‘The Mammoth Book Of Time Travel SF’, as editor Mike Ashley points out in his introduction doesn’t rely on the older time travel stories but has a selection that represents material from the past few decades that have also not been reprinted too often. Well, unless he’s used his own time machine into the future to ensure that will remain true. Time travel stories are very the intellectual exercise of the SF genre because you do end up having to think through what the SF authors are saying and how valid or flawed their logic is and how they play with causality. As someone who has been noted as a heavy thinker, let battle commence. With twenty-five tales, there’s enough variation for everyone. Here’s a sampling.
Sean McMullen’s ‘Walk To The Full Moon’ is an interesting take on time travel. It isn’t humans that are travelling but pre-man or rather pre-woman. Set in Spain, linguist Carlos is sent in to talk to her to startling revelations. A beautiful twist and a demonstration to other writers not to write the expected.
‘The Truth About Weena’ by David J. Lake follows HG Wells’ time traveller after he returns to the future to rescue the Eloi girl. This is Lake’s second version of this idea but considering that the future changes with each attempt maybe this should be seen as just another version. Nevertheless, it hits on a lot of problems with time travel and how culture changes aren’t always created by the time traveller.
Elisabeth Malarte’s ‘Darwin’s Suitcase’ somewhat addresses the problem of someone watching an event in the past only to see a physical time traveller arrive there. In this case, it is to persuade Darwin that one of his unfound evidence was found decades after his death and to continue with his book on evolution. A clever premise but a little confusing as the observer is a nun. I do like the idea that no technology can be brought back before it is invented though which sorts out a causality problem but doesn’t explain how the time machine makes it there.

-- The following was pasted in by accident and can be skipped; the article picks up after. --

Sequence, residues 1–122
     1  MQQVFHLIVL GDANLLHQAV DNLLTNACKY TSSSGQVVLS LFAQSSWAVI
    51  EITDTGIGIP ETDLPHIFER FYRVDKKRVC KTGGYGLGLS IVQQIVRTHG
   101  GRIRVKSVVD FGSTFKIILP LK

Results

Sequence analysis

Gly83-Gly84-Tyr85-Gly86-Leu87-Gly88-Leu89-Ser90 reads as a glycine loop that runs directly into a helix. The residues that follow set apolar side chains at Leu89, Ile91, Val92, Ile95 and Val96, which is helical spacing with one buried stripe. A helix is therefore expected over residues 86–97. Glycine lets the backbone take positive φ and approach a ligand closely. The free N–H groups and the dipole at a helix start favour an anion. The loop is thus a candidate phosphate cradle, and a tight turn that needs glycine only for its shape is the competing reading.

‘Needle In A Timestack’ is a classic Robert Silverberg tale of a love triangle being manipulated by time travel. An ex-husband is trying to disrupt his ex-wife’s marriage to her current husband. Every time he changes something, they each have a fuzzy moment and an hour to note changes before they forget about them, although you would think the notes would vanish as well. The ultimate solution is nicely thought out with an added twist. A lesson in intelligent SF writing for all neo-SF writers.
In contrast, ‘Zero’ by Simon Clark where people in the past are awaiting for time travellers to come back to a particular point in time feels flawed in comparison. Mostly because knowledge they bring back, not even intentionally but just proving time travel is possible is likely to change the future and that being so, would they still be there to come back to?
Ellen Klages’ ‘Time Gypsy’ felt odd initially as her time traveller protagonist Caroline McCullough didn’t feel female, even when she developed a relationship when in the past with time travel expert Sara Baxter Clarke. However, the problems of the future are explained in the past and ends up being a rather neat story.